Develop with ITX
The ITX API is implemented as an extension of the standard Ethereum JSON-RPC API - it follows the same design principles and you can use it from your favorite programming language and Web3 framework. Your ITX API traffic is counted towards your Ethereum subscription's daily limits and rate limits described here.
The deposit system is managed by an on-chain contract which is deployed at the same address on all supported Ethereum public networks. The address is referenced by the ENS entry itx.eth.
ITX is not supported on the Polygon Mumbai testnet.
The code snippets in this walkthrough are written in JavaScript using the ethers.js library, but you're not limited to these programming choices.
You can find a full collection of scripts that showcase an end-to-end interaction with ITX in this GitHub repository.

Set up the ITX provider

All ITX-specific JSON-RPC methods can be accessed via the ethers.js built-in InfuraProvider class, using your dedicated Infura URL.
const { ethers } = require('ethers')
const itx = new ethers.providers.InfuraProvider(
'mainnet', // or 'ropsten', 'rinkeby', 'kovan', 'goerli'
'YOUR_INFURA_API_KEY'
)

Create a signer account

This is as simple as generating an Ethereum-compatible private key you have exclusive control over. You will use the private key for authenticating your ITX transaction requests, and its corresponding public address for identifying your ITX gas tank.
const signer = new ethers.Wallet('YOUR_PRIVATE_KEY', itx)

Check your ITX gas tank

Let's check if your signing account has any gas tank balance registered with ITX. You can do this by calling the relay_getBalance method:
async function getBalance() {
response = await itx.send('relay_getBalance', [signer.address])
console.log(`Your current ITX balance is ${response.balance}`)
}
Full script to read your ITX balance here.

Make a deposit

You can make a deposit by sending Ether to the ITX contract. This contract is deployed at the same address on all public Ethereum networks.
Your deposit will be registered after 10 block confirmations.
async function deposit(signer) {
const tx = await signer.sendTransaction({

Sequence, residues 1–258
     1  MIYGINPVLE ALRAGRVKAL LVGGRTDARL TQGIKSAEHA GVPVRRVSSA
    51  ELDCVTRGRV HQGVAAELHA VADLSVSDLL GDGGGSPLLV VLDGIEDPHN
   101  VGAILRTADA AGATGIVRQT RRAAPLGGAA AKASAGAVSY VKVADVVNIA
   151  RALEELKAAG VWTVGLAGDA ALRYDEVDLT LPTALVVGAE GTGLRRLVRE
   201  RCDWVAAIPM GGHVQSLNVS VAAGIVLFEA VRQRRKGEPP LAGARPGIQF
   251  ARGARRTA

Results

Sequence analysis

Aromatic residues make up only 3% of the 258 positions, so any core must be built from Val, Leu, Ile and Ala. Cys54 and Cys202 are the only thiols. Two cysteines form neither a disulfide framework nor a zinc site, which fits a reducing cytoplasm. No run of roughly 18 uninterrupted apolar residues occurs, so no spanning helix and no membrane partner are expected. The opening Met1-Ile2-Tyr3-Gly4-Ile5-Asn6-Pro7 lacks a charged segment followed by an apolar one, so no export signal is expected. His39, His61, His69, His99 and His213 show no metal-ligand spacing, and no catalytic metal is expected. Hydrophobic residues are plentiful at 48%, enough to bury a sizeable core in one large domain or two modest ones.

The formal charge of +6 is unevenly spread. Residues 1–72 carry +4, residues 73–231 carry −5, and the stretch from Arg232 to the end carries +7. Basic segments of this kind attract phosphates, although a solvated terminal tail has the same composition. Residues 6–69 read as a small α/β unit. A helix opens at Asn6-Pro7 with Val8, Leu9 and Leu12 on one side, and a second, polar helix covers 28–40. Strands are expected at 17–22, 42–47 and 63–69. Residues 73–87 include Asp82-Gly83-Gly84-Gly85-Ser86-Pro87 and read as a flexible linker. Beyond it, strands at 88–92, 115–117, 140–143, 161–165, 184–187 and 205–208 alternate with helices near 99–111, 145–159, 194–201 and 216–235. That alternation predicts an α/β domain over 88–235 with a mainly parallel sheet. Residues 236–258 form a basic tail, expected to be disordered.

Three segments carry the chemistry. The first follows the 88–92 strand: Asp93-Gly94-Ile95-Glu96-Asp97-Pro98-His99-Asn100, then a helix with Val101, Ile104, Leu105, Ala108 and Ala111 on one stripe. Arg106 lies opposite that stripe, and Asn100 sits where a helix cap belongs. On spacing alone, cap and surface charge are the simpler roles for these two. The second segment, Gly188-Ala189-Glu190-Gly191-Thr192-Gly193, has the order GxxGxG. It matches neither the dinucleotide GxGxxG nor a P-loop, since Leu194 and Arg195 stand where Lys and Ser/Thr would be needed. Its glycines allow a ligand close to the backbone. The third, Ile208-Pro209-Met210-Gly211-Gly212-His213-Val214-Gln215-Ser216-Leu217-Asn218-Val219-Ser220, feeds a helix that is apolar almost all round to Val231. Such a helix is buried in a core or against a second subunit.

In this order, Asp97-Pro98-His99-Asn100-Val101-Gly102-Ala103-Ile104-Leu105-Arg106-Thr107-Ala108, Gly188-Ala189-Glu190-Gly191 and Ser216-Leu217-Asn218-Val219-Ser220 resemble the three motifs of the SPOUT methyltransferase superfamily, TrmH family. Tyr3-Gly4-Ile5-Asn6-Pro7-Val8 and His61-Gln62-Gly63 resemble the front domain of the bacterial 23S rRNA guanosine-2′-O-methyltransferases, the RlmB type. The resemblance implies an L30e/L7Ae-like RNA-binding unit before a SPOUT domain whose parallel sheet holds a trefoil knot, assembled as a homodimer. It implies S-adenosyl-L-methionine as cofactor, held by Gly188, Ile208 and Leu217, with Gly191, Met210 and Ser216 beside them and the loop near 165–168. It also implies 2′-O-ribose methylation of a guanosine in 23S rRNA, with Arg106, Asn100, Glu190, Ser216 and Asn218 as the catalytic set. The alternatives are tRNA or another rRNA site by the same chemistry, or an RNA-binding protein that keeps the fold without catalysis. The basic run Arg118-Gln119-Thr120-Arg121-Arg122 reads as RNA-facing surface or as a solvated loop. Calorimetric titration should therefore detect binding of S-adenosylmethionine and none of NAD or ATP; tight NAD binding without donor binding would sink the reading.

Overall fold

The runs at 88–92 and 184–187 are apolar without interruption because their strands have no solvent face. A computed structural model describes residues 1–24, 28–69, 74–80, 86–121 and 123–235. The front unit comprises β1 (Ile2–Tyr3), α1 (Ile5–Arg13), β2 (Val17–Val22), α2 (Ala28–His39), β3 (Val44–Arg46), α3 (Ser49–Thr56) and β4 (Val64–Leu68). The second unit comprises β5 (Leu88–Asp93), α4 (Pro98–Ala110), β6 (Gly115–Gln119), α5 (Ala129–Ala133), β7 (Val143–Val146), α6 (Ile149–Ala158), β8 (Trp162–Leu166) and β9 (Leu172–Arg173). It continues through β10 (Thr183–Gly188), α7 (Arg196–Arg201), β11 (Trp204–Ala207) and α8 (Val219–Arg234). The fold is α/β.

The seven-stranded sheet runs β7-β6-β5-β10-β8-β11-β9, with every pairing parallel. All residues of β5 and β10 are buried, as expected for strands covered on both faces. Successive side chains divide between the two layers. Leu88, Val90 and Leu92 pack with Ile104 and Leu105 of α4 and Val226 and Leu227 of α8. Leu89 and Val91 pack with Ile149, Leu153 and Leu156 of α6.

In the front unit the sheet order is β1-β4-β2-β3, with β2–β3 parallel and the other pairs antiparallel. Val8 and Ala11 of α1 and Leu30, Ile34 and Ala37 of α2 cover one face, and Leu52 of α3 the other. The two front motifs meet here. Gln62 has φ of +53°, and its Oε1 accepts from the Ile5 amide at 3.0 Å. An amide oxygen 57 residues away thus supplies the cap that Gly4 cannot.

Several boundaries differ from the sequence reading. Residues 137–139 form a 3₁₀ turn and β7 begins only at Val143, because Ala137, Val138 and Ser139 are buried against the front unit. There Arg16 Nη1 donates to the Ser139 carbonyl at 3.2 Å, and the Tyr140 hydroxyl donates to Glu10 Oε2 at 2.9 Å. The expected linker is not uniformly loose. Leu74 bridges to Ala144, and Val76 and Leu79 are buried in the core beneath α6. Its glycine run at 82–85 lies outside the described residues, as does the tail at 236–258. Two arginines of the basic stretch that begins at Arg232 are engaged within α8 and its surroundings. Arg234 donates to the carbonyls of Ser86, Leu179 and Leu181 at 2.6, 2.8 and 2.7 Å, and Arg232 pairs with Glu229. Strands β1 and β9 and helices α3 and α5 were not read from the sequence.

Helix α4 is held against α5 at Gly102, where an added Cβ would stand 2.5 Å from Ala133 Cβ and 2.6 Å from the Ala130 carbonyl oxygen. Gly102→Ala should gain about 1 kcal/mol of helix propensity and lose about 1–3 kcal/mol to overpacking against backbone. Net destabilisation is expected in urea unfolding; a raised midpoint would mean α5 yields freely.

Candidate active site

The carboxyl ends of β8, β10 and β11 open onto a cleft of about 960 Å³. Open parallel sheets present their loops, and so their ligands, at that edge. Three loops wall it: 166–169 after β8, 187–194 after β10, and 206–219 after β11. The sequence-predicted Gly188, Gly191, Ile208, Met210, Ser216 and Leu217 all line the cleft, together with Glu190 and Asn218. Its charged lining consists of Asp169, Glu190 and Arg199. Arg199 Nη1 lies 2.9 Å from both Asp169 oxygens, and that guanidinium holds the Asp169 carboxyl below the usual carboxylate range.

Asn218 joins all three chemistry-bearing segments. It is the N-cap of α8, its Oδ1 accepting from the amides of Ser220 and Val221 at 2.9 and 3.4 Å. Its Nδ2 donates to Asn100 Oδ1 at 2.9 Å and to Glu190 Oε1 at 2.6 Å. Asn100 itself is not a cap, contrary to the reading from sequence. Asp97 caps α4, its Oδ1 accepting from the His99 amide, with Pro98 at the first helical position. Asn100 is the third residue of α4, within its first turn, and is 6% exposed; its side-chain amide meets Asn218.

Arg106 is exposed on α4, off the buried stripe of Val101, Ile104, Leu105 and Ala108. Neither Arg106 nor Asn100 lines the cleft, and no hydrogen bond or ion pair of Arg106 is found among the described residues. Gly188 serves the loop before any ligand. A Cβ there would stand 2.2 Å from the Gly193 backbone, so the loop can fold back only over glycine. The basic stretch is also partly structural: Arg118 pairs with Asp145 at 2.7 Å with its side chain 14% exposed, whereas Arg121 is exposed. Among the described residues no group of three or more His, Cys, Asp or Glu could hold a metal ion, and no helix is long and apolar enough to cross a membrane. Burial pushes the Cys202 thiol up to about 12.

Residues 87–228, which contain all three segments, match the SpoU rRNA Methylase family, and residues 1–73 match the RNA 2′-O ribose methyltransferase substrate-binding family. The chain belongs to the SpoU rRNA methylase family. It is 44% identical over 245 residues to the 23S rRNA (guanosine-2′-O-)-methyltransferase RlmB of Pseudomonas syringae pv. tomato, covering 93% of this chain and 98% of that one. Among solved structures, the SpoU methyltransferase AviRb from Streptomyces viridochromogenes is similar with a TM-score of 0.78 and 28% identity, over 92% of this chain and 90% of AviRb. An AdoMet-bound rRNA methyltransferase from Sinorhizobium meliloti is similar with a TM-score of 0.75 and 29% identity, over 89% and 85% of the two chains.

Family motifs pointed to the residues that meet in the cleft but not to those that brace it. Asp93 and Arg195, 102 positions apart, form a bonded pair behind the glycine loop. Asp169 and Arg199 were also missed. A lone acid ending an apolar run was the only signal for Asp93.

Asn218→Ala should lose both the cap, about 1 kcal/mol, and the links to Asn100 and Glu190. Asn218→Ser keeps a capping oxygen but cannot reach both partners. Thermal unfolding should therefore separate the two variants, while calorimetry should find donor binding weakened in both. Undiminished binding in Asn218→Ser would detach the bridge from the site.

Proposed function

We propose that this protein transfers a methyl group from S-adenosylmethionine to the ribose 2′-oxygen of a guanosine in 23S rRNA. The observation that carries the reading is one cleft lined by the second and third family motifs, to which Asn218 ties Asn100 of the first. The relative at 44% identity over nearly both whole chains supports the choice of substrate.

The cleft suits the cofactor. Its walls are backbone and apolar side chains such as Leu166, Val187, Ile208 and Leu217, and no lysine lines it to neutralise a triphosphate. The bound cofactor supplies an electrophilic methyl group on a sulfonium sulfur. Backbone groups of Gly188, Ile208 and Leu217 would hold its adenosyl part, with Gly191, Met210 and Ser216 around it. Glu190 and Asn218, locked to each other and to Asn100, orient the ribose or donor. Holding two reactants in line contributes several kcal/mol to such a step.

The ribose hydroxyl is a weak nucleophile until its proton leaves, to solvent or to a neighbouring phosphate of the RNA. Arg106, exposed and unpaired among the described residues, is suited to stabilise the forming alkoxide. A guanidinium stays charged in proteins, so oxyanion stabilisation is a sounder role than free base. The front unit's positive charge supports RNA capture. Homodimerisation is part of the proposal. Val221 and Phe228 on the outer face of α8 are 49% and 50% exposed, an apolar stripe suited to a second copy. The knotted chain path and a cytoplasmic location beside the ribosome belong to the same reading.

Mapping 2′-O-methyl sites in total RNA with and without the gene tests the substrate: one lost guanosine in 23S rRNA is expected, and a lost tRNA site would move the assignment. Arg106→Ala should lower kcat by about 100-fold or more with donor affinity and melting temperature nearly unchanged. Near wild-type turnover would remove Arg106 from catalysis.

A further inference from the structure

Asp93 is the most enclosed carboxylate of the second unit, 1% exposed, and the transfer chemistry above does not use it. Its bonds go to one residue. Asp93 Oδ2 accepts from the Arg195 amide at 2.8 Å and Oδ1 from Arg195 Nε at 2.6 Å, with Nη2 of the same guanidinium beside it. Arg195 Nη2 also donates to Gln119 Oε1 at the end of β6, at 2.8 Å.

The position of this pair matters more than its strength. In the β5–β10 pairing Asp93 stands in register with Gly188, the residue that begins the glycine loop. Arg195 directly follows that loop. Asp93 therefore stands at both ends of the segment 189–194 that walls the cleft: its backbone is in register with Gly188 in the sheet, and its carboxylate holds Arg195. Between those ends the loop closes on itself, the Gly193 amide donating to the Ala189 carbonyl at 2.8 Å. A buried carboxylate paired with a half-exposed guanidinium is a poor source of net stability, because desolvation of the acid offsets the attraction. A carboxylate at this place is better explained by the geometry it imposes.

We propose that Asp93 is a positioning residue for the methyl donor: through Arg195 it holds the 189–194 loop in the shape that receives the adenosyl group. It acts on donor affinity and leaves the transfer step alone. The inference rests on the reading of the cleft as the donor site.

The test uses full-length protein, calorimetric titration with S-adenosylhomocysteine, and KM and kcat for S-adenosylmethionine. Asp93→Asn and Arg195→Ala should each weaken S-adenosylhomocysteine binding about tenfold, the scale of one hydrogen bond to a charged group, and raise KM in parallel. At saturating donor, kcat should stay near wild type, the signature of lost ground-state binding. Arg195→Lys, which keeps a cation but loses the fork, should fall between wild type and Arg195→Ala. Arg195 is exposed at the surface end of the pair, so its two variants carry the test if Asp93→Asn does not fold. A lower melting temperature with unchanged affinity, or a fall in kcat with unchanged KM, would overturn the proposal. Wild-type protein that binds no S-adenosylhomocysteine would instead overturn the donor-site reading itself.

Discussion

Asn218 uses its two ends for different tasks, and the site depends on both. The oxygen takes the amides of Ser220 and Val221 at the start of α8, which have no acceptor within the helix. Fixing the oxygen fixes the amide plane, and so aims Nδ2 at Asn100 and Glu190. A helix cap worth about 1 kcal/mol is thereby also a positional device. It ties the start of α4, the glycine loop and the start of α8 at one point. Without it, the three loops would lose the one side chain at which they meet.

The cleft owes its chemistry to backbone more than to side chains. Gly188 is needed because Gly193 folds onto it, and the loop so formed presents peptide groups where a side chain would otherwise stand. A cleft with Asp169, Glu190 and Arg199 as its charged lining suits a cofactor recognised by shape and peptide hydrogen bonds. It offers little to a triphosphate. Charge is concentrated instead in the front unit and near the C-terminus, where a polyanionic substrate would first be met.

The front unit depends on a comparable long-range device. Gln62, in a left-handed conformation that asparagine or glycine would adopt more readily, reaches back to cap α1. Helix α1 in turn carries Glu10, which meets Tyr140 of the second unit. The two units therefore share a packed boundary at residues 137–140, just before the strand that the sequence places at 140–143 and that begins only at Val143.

// ITX deposit contract (same address for all public Ethereum networks)
to: '0x015C7C7A7D65bbdb117C573007219107BD7486f9',
// Choose how much ether you want to deposit to your ITX gas tank
value: ethers.utils.parseUnits('0.1', 'ether')
})
// Waiting for the transaction to be mined
await tx.wait()
}
Full script to make an ITX deposit here.

Sign a relay request

The format of an ITX relay request is:
{
"to": "<target contract address>",
"data": "<encoded contract call>",
"gas": "<upper limit for gas spent>",
"schedule": "<'fast' or 'slow'>"
}
ITX generates a unique identifer for every relay request (called the relay transaction hash), computed by taking the keccak256 hash of the ABI argument encoded list of variables [to, data, gas, chainId, schedule] with types address, bytes, uint, uint, string (in that order)
relayTransactionHash = keccak256(
ABIEncode(
['address', 'bytes', 'uint', 'uint', 'string'],
[to, data, gas, chainId, schedule]
)
)
The relay transaction hash is then signed by using the standard Ethereum message signing process:
signature = EcdsaSignMessage(
signingKey,
keccak256(concat([
"\x19Ethereum Signed Message:\n",
length(relayTransactionHash),
relayTransactionHash
])
)
The signature generation logic is already implemented in most web3-compatible libraries, so, for example, if you're using ethers.js, you only need to pass in the relay transaction hash to the signMessage function, as shown in the following example.